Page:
EXISTING LAWS ON HUMAN TRAFFICKING: AN OVERVIEW
Name of the Author – Prayank Jain
Name of Co-authors – Rohan Khurana
Name of the Institute –
Symbiosis Law School, Sector -62, Noida-201301 (Constituent of Symbiosis International University)
E-mail Addresses & Contact Numbers –
Prayank Jain- firstname.lastname@example.org , +91-99102-40032
Akanksha Shahi - email@example.com , +91-88267-14380
Rohan Khurana – firstname.lastname@example.org , +91-95609-67679
Country – India
This paper will explore the ways and how human trafficking is becoming a problem in India. Human trafficking is big business, with industry estimates running in the billions of dollars annually. Much of that profit accrues to traffickers, illegal profiteers, and organized crime groups. However, the private sector also reaps economic benefits, directly and indirectly, from human trafficking. Despite these economic realities, the dominant approach to combating human trafficking has been to rely almost exclusively on governments and social services organizations to do the job. In this article we have pointed to some common pitfalls and particular challenges in research on human trafficking. We start out by defining the word “trafficking” which has constantly been a challenge to be understood and also “What are Human Rights?” Next, we present the types of human trafficking and there challenges as identified in populations and the changes in their behaviours, arguing that primary data collection in trafficking field should focus on former victims, and not current victims or persons at risk. Thereafter we discuss the laws made by the Indian governments so as to overcome human trafficking in the country. Then we discuss the steps taken by the government against the cases of human trafficking. Focus will also be on the challenges in identification of trafficking victims and when the victims themselves do not want to be identified with the trafficking label. We will also compare the Indian laws with the laws of those countries whose Human Trafficking laws are considered to be best amongst other countries and about their execution of the laws in the cases reported. Finally, we mention the methods to resolve the problems of human trafficking in India and conclude the topic by giving our views as well.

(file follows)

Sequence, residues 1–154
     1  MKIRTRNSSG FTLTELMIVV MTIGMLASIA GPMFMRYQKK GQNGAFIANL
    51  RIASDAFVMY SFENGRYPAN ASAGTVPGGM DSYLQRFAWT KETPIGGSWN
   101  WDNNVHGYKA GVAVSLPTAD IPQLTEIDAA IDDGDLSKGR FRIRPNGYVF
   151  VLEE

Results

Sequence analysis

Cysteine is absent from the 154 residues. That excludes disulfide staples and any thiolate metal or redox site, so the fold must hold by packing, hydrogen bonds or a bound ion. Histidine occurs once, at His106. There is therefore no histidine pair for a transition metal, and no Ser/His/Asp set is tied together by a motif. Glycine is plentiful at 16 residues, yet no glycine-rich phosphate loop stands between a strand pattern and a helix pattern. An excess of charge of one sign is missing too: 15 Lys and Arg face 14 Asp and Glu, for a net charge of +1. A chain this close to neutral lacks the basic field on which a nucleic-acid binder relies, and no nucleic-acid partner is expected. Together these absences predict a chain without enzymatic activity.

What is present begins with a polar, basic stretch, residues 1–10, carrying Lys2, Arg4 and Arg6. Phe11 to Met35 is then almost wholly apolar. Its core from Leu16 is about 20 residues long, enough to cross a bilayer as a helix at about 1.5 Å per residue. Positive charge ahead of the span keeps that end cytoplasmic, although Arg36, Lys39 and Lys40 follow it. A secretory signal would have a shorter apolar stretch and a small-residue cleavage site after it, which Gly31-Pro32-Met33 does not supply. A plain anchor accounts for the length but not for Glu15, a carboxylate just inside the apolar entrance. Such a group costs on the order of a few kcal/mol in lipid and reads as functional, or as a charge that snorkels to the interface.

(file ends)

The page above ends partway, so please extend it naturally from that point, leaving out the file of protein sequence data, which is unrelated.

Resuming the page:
What is Trafficking?
The Oxford English Dictionary defines traffic as ‘trade, especially illegal (as in drugs). It has also been described as ‘the transportation of goods, the coming and going of people or goods by road, rail, air, sea, etc. The word trafficked or trafficking is described as ‘dealing in something, especially illegally (as in the case of trafficking narcotics)’. The most comprehensive definition of trafficking is the one adopted by the UN Office of Drugs and Crime in 2000, known as the “UN Protocol to Prevent, Suppress and Punish Trafficking in Persons, Especially Women and Children,” 2000 under the UN Convention against Transnational Organized Crime (UNTOC). This Convention has been signed by the government of India. Article 3
a) Trafficking in persons shall mean the recruitment, transportation, transfer, harboring or receipt of persons, by means of the threat or use of force or other forms of coercion of abduction, of fraud, of deception, of the abuse of power or of a position of vulnerability or of the giving or of receiving of payments or benefits to achieve the consent of a person having control over another person’s, for the purpose of exploitation. Exploitation shall include, at a minimum, the exploitation of the prostitution of others or other forms of sexual exploitation, forced labour services, slavery or practices similar to slavery, servitude or the removal of organs; b) The consent of a victim of trafficking in persons to the intended exploitation set forth in subparagraph c) The recruitment,...
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